Friday, January 31, 2014

Polar Bears on My Bed

This is one of my Polar Bear Quilts.  I found these polar bear panels and fell in love with them.  For years I collected blue, winter fabrics and many ideas.  In the end I had so many polar bears that I did two quilts titled "Arctic Day" and "Arctic Night."  This photo is of "Arctic Night," so named because it turned out a little darker than the other one.  They are both twin-sized quilts, but the other one is buried in storage at this writing.


Collecting fabric for a quilt is way too much fun and I still have a ton of blue fabric in my stash.  Fortunately, blue is my favorite color.  I still have polar bears too because I bought plenty so I wouldn't need another and get stuck.  I can probably create two more quilts.  Pretty ridiculous.

This was the first quilt I really designed wholly on my own.  I used the methods outlined by Judy Hopkins in her book "Design Your Own Quilts."  The panel in the upper left portion of the quilt is a kaleidoscope, pieced from scratch using methods described by Paula Nadelstern in her book, "Snowflakes and Quilts."  My design wall was in use for a long time as I created blocks of different sizes and patterns, placed them on the wall, moved them, created new ones to create value differences, and so forth.  The borders are from the polar bear panels.  Can you find the other winter animals sneaking around among the blocks?

I also branched out with my free motion quilting on this one.  I mostly used flowers as in my earlier primitive petals, but I put points on them this time and added some additional defining lines.  Around the snowflake and the bears is stippling.  For the bears within their circle border, I followed the fabric, outlining the animals, clouds and snow with free motion lines.  This is a great way to get more comfortable with free motion quilting:  follow artistic motifs on the fabric.  When you can follow lines on the fabric, you will be able to follow more complex, drawn designs for your quilts.

TIP:  Let your hair down and dance while doing a quilt like this.  There are no rules so just have fun with the piecing, fabric fondling, and quilting whatever you are able or inclined to do.  Let the muse sing and don't worry about the mess you are creating...just create.  The mess will still be there later.

I wish I had known about Leah Day's fantastic website on free motion quilting.  This would have been a perfect quilt on which to try out some of her many designs.  In looking at Leah's site today I found two other websites to visit:  Linda's Landscapes and The Hard-Rock Quilter.

Wednesday, January 29, 2014

Orion Star

I loved the design of this quilt called Orion Star and found a bunch of batik fat quarters in my favorite colors.  This is one of those quilts that I did for the fun of it.  It is not hard and was great to take to a quilt retreat when you have noise and confusion around you.  I prefer not to have to think very hard in that venue.  I saw it in a magazine advertised as a quilt made with "Thangles."  Thangles are a method of making half-square triangles using pre-printed paper as a cutting guide.  You can learn about Thangles here and get the pattern and Thangles here.  Since I tend to jump in and get all wet before buying more stuff, I just designed it myself by looking at the quilt in the advertisement.  Mine is much smaller (about 36" x 48") than what they sell in the kit, but it served its purpose for me.  The biggest challenge was working on my design wall to arrange the colors in a way that pleased my eye.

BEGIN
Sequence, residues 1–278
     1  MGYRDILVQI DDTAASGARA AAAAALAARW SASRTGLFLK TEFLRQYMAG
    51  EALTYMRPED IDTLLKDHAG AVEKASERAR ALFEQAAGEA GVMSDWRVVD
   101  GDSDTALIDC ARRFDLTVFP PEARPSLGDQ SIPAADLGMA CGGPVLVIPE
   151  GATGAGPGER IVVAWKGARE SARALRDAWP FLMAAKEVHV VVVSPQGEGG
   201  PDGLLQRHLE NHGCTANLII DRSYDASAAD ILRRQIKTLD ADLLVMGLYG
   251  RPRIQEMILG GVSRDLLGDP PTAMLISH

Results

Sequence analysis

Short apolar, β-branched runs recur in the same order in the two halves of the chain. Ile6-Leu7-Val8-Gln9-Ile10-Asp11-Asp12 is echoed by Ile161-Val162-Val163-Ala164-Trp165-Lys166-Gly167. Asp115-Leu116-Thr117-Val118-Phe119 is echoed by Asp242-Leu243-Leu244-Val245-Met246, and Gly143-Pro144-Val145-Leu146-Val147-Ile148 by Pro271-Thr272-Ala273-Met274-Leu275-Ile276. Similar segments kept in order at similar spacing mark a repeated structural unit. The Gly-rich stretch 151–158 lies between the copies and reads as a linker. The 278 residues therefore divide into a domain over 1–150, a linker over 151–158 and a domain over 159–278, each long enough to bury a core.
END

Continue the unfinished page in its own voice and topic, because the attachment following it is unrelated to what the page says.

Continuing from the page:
TIP:  You can have a fancy design wall or use your bed.  I hang a flannel-backed tablecloth on my wall, flannel side out and use it.  It is easy to put up, take down and store, and it does the job just fine for very little money.

TIP:  Arrange the blocks the way you think you like them, then leave it for awhile.  Wander into the room now and then and look at it again, rearrange and go away again.  You can get a lot of house cleaning done or dishes washed during this process.  Do this for several days.  Fresh eyes see things that were missed.  When you are sure you are happy, crank up the sewing machine and sew it together.

I had gotten comfortable free motion quilting flowers with big, simple petals and that design served well on this quilt too.  More practice.  I still wasn't loving it, but I didn't want to pay someone else to do my quilt.  It takes motivation, determination, and lots PRACTICE, to get the hang of free motion quilting whether you are working on a longarm or sit-down machine.  Don't get discouraged.  It will come.

Sunday, January 26, 2014

Paper Piecing

It was right about here in my journey that I learned how to do Paper Piecing, also called Foundation Piecing.  It is not hard, and once you catch on, it allows you to piece a block or shape with amazing precision.  You can piece tiny, little pieces that would otherwise be impossible.  You can look at a good video tutorial on Foundation Piecing if you don't know what I am talking about.  You can start with some simple practice blocks such as the triangle sashing blocks in this quilt.  The sashing is 2 inches wide so they really don't have to be paper pieced, but I found that the bias edges of the triangles were much easier to control with paper piecing.  I loved the way everything lined up straight and measured correctly when I put the quilt together.